‘When Lauren turned 18, I cried for about five hours’
There are about 24 people in Ireland who suffer from Cornelia de Lange syndrome
Eleanor O’Kelly-Lynch with her daughter Lauren. Photograph: Tony O’Connell
When Gary O’Kelly-Lynch was nine years of age, he said to his mother: “God is very mean for what he did to Lauren. Why did he do it?”
He was referring to his younger sister, now aged 25, who has a rare genetic disorder – Cornelia de Lange syndrome (CdLS). The condition, which affects about one person in 30,000, is present at birth but not always diagnosed until later. It causes multiple disabilities with lifelong physical and behavioural difficulties, as well as moderate to profound learning difficulties.
Symptoms of CdLS include a very small head, hearing problems, digestive problems and challenging behaviours. Typical facial features include thin eyebrows, sometimes forming a mono-brow, long eyelashes, a short upturned nose and thin down-turned lips. CdLS babies have a very low birth weight.
Eleanor O’Kelly-Lynch says her daughter had all the symptoms of a CdSL baby. “She was born a few weeks premature, weighing just three pounds and five ounces. But I didn’t think there was anything wrong with her. I just remember hearing the word ‘abnormality’ in the hospital. Lauren was put into an incubator straight away. Blood tests were carried out. We were told she was going to be severely retarded, as they put it. After three days, we got the diagnosis of CdSL.”
Prone to reflux
Lauren is “classic CdSL. She has tiny hands and tiny feet, a very small head, eyebrows that slightly meet in the middle, and long eye-lashes.”
Now in her mid-20s, Lauren weighs about 3½ stone and wears clothes for nine-year-olds. She has to wear nappies and can’t eat solids as she is prone to reflux. Her mother and father, Derek, had never heard of CdLS until their daughter was diagnosed. Nor had their GP heard of it when he was told about Lauren.
The middle child in this Cork-based family, Lauren lives at home and attends the day care centre at the Cope Foundation in the city which supports children and adults with intellectual disabilities.
“Lauren is still really a baby. She’s non-verbal and drinks from a bottle and can only eat puréed food. It’s hard to say what her mental age is. It’s probably about two. We’re lucky that Lauren doesn’t have behavioural issues. She’s quiet, unlike some CdLS children who can be very hard to manage.”
O’Kelly-Lynch, a self-employed training consultant, was appointed as the Ireland co-ordinator for the UK-based CdLS Foundationlast year. She stresses the importance of keeping in touch with other parents of children with CdLS through conferences, attended by CdLS specialists, and family days.
“If you have a child with a disability, people think you go through phases like shock and denial. But it’s nothing as simple as that for me. You can get on with things but then you go back to grieving again. When Lauren turned 18, I cried for about five hours that day. I realised that I had already grieved for the loss of her childhood and I was starting to grieve again for the loss of her adulthood. It’s like groundhog day. I knew that Lauren was going to have the same life in adulthood as she had when she was a child. It’s hard to grasp, but her life is pretty joyless.”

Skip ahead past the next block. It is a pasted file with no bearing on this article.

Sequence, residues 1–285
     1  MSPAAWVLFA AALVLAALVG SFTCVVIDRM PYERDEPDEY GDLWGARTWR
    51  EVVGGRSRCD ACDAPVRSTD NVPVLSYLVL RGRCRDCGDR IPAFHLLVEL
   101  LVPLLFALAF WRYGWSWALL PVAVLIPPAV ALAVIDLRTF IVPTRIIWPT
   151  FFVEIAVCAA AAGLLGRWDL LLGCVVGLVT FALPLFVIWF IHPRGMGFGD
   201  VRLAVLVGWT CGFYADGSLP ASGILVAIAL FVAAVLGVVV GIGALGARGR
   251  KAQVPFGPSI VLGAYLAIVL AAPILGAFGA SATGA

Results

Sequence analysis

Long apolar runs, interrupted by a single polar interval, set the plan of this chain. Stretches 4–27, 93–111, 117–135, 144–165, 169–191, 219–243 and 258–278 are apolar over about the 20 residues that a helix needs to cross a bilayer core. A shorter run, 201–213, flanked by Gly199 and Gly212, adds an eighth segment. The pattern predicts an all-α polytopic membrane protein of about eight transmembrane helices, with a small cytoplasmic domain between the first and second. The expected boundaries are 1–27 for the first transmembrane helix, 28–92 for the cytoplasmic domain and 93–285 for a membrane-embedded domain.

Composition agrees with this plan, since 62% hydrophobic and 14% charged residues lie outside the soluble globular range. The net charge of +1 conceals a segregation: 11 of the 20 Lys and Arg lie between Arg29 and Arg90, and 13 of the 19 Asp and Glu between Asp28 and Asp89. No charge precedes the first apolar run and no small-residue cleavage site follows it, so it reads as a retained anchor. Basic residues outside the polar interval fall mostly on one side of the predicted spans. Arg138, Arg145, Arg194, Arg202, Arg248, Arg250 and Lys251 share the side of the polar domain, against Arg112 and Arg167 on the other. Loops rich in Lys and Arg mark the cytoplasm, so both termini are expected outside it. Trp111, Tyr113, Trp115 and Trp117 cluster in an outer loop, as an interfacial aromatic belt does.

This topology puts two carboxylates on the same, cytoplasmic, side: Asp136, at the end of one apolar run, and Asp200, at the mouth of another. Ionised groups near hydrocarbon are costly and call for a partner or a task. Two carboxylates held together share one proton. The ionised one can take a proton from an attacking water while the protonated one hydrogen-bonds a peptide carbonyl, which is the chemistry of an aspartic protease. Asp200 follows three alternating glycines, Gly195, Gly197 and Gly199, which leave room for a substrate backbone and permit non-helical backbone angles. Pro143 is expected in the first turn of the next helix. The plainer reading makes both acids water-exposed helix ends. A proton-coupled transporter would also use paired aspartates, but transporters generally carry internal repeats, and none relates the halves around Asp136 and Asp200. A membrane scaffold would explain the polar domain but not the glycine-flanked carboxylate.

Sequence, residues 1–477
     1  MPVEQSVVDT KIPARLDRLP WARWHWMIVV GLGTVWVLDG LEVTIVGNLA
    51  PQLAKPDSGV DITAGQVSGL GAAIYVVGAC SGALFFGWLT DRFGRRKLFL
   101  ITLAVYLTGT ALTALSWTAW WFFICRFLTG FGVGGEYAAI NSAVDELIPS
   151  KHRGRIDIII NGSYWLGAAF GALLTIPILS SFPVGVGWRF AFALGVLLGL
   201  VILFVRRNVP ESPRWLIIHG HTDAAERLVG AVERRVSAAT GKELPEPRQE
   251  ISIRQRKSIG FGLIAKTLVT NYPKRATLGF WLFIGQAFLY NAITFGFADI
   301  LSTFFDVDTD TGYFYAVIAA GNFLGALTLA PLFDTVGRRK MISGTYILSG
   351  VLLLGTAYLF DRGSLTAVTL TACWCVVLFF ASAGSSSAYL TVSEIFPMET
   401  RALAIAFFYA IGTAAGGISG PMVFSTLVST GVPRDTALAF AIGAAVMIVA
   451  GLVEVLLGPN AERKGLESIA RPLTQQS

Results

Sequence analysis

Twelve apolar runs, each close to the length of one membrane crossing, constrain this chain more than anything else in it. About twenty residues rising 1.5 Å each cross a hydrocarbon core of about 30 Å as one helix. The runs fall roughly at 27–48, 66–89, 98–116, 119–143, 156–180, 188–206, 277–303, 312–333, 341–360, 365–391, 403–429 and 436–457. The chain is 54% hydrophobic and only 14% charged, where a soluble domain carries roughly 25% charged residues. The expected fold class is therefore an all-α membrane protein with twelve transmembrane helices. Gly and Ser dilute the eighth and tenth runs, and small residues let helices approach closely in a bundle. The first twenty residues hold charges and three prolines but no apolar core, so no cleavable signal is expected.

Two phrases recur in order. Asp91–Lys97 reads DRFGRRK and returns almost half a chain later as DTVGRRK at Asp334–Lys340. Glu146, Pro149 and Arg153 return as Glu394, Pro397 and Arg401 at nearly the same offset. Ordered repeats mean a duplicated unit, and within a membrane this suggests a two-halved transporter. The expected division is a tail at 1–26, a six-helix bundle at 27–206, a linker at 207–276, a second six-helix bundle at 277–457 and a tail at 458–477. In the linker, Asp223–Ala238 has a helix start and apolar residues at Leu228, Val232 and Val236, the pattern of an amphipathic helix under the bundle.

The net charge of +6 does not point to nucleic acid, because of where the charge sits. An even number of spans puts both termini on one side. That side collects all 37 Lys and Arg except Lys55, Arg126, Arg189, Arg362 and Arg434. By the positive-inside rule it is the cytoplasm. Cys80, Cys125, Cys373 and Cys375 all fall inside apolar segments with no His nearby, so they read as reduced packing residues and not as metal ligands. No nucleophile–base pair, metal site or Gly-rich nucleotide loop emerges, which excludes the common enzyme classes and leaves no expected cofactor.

While there are activities such as baking at the Cope Foundation’s day care facility, “Lauren really has no interest. I often say that it’s not so much the disability that’s hard to live with. It’s the misery and her total lack of engagement, most of the time. Since she hit puberty, she sort of dipped, mood-wise. Her default mode is low mood. She gets an occasional period. It’s cruel.”
Lauren doesn’t really display affection. “She’d never kiss you, but she might sit on your lap.” When Lauren is agitated, she digs her thumbs into her cheeks, drawing blood. “Sometimes, we have to put socks on her hands.”
CdLS International Awareness Day is this Saturday, with City Hall in Cork to be lit up in purple, the colour of the CdLS Foundation logo (text FRIEND to donate €4).
O’Kelly-Lynch says there are about 24 people with CdLS in Ireland. “There might be another 10 we don’t know about.”
In treating the condition, the emphasis is on improving the quality of life for people with CdLS and supporting their families. The Cope Foundation gives the O’Kelly-Lynchs weekend respite once a month.
O’Kelly-Lynch says she was brought up “to get on with things. I agree with that. You can’t be moaning and groaning. You have to get on with your life. But every so often, you’re entitled to sit back and admit you’re in despair. Because it’s a very despairing thing. When I do that, I realise I don’t have to keep everything in. It’s not that I don’t want to admit it to other people. I just don’t want to be seen as a victim, or ‘the poor mother, god love her’.
“I have loads of things in my life. I’m very healthy. I have two other children and I’m a grandmother. I don’t feel like a victim at all.”
Lauren doesn’t watch television. But she does derive some pleasure from life. “All she wants is a nice fire in the grate, a couch and a bottle of Fortisip, a fortified drink that she loves. She might go for a walk every so often.”
Asked what O’Kelly-Lynch said to her son all those years ago about God’s meanness towards Lauren, she replied: “I think God made Lauren like that to remind us how lucky we are and to make the most of what we have. I actually believe that. Hopefully, my other children are aware of that. It’s good to understand that you’re privileged if you’re healthy and strong. And we’re more aware of disability because of Lauren.”